In the screenshot above you can see that OSU is lined up with four receivers. The receivers are each going to run their routes, but as I mentioned, that’s not the focus of this play. The focus is on what they do with those routes.
At the snap, the receiver wide right is going to be running a post route. He is going to get to around 10 yards downfield and realize that there is a hole in the zone, so he is going to “sit” and wait for the quarterback to find him.
This concept requires that the quarterback and receivers be on the same page, because if the receiver doesn’t see the same hole the quarterback does, or thinks he should be stopping somewhere else, there’s a good chance the quarterback is going to throw an interception. In the case of Ohio State, the receivers and quarterback are on the same page, which makes for a deadly weapon that the Ducks need to watch out for.
Now, let’s move on to the OSU defense. The Buckeye defense is feisty, with a lot of playmakers, so although they give up yards, they make stops when needed. To begin, let’s take a look at a play from the Buckeyes’ only loss this season, their game against Virginia Tech back in week two. As you can see above, the Buckeyes are lined up in a 4-2-5 defense.
Starting with the left side of the defensive line, OSU’s left defensive end is stud sophomore lineman, Joey Bosa (No. 97). Bosa can wreak havoc, as you can see for yourself in this play. Bosa blows up the tight end and right offensive tackle with a bull rush. The two defensive tackles are going to rush the two gaps that are in front of them. The right defensive end is going to be the read man and is going to cover the quarterback.
Now, you will notice that the two linebackers are covering the running back and leave the quarterback to be covered by just the defensive end. This is probably going to have to change. I think it would be foolish for the Buckeyes to not leave at least one other linebacker to cover Mariota because there’s no way a defensive end can cover Mariota.
The Buckeye offense is nearly a mirror image of Oregon’s, so our Ducks’ defense should be ready. There is one problem though. The Buckeyes have two elite playmakers in running back Ezekiel Elliot (No. 15) and wide receiver Devin Smith (No. 9), each of whom can break out for the big play at any moment. Smith has 14 receptions of 20+ yards, 9 of which went for TDs (leading the FBS in both of those big-play categories); he also has 30 touchdowns on his career, with an average of 37.9 yards per touchdown. Then, there’s Elliot, who has 1,632 yards on the year on only 237 carries with 14 touchdowns. That’s what you call big play ability! Let’s not forget Smith’s 47-yard touchdown and Elliot’s 85-yard game-winning touchdown in last week’s semifinal. The big play needs to be contained.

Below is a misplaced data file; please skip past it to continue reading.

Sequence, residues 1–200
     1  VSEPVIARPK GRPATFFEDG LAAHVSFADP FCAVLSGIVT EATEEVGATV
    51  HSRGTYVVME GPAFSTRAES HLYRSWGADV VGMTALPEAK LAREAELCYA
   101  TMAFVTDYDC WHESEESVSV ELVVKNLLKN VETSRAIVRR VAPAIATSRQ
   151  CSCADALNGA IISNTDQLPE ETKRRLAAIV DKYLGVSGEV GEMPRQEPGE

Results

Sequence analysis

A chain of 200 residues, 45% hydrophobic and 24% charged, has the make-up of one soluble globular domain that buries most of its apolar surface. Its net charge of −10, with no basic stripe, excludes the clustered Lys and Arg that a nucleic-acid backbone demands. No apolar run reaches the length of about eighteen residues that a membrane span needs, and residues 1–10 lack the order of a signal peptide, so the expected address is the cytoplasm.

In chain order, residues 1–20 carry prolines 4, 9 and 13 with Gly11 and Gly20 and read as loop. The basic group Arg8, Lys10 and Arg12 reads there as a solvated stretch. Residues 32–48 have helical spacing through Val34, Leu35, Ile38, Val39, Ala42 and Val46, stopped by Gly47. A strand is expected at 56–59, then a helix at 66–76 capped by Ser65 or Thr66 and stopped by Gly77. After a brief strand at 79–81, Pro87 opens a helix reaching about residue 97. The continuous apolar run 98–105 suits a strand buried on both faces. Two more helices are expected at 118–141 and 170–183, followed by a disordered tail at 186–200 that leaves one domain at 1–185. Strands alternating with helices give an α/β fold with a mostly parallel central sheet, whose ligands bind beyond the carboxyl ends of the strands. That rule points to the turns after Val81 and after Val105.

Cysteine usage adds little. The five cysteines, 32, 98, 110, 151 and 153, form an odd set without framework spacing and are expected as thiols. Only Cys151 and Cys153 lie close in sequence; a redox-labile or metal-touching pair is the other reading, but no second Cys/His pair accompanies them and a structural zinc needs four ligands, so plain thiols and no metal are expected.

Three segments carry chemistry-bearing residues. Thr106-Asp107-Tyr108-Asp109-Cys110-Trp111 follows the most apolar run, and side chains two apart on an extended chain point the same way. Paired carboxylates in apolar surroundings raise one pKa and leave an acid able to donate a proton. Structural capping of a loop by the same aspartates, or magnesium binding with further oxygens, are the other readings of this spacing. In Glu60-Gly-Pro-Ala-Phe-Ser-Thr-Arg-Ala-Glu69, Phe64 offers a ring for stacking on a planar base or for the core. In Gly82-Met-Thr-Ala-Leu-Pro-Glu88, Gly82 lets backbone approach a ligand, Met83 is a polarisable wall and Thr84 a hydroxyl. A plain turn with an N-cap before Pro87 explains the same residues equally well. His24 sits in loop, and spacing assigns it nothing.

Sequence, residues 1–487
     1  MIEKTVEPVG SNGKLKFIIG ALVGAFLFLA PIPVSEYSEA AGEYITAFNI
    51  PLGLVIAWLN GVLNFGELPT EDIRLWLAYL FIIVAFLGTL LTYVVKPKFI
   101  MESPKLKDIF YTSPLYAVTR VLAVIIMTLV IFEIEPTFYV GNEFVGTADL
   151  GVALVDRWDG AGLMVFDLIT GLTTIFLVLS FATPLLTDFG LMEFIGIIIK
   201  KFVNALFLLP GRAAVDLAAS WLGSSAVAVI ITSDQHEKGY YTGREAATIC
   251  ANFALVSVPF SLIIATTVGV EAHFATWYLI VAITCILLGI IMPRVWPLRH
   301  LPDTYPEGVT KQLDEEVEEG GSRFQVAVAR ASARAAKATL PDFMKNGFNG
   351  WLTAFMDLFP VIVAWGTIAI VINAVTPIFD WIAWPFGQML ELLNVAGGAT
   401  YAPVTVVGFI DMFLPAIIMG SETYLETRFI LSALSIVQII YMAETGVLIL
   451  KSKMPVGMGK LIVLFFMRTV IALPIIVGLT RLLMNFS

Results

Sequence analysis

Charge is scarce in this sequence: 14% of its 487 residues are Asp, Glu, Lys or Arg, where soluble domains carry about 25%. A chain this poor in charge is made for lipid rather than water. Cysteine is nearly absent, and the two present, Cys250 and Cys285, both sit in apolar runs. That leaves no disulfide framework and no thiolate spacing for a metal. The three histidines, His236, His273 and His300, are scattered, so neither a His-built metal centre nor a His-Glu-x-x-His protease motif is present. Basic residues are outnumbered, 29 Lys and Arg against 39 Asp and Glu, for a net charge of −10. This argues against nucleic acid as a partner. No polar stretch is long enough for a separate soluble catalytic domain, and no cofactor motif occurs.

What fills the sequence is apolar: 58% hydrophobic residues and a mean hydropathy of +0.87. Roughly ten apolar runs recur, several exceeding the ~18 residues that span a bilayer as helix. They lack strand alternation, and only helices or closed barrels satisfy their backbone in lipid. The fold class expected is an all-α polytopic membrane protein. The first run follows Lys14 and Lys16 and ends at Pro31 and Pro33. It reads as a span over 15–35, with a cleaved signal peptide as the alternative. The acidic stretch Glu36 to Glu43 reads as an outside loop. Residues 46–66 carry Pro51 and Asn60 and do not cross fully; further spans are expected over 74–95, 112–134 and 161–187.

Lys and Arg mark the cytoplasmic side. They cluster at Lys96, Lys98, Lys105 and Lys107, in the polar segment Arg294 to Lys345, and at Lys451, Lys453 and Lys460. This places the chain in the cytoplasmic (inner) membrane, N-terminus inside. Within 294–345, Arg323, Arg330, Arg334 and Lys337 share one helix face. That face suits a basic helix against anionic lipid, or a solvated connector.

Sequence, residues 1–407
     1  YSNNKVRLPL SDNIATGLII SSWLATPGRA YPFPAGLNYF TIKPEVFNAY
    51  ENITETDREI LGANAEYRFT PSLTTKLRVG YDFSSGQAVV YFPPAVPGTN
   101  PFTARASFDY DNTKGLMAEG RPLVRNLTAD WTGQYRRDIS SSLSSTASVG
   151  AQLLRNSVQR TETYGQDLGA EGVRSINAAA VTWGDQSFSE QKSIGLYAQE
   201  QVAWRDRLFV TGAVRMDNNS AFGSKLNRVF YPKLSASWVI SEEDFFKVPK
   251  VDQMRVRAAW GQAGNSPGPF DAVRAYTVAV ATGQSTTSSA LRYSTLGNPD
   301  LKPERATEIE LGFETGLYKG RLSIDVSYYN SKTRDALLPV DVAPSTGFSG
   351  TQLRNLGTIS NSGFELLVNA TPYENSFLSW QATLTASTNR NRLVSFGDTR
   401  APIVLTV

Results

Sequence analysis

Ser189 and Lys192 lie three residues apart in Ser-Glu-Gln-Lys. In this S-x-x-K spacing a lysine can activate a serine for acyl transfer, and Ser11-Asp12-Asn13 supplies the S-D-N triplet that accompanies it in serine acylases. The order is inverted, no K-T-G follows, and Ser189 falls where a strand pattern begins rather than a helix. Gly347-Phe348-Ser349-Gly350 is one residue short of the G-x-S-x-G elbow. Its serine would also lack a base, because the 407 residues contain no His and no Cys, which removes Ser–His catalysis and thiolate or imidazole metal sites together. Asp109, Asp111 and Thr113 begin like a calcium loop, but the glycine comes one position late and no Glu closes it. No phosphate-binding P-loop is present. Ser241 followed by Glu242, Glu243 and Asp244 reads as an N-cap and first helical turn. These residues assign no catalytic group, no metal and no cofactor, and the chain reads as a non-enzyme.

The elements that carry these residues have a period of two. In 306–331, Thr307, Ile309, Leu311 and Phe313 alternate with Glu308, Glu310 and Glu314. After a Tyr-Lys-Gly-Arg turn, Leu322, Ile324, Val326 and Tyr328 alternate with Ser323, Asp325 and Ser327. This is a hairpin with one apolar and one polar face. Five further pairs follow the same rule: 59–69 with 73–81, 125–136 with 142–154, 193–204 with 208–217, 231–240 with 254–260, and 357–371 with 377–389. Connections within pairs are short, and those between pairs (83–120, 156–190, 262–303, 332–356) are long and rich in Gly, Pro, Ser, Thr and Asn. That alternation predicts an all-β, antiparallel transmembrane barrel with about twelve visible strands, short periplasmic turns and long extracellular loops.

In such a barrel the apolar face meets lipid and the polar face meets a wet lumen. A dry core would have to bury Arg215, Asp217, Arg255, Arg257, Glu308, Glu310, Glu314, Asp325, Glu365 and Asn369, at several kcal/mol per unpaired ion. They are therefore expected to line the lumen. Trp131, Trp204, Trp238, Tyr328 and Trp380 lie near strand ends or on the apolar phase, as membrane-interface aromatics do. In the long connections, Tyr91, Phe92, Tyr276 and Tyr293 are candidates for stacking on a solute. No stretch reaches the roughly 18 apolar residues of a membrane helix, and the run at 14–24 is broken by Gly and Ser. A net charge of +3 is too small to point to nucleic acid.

This is the culmination of what could be the best season in Oregon Duck Football history. This very well may also be the best Duck team in the program’s history. The last hurdle, though, is a big one. Ohio State has found a way to overcome any and all obstacles and continue to win games. You can bet they are going to be pumped and ready to play. Despite the fact that Oregon is 0-8 all-time versus Ohio State, I think that Mariota has the “it” factor, and will have his team in the right state of mind, ultimately leading to a 52-41 Duck victory and celebrating throughout the streets of Eugene!!!!!!
“Oh how we love to learn about our opponents on FishDuck.com.”
Opponent Football Analyst for CFFNetwork/FishDuck.com
Top photo by Wikipedia
Rory Davidson: Rory (Football Analyst) is a sophomore at Oregon in the fall (Class of 2018). He has been a devout Stanford football fan since he was 2 months old and is excited about the energy and greatness Oregon sports has to offer. For the past 6 years he has been doing advanced data analytics for his high school football team and working alongside the coaches to understand how they strategize about the game. He wants to integrate more statistics into his analyses and try to help readers learn about and understand the future of sports.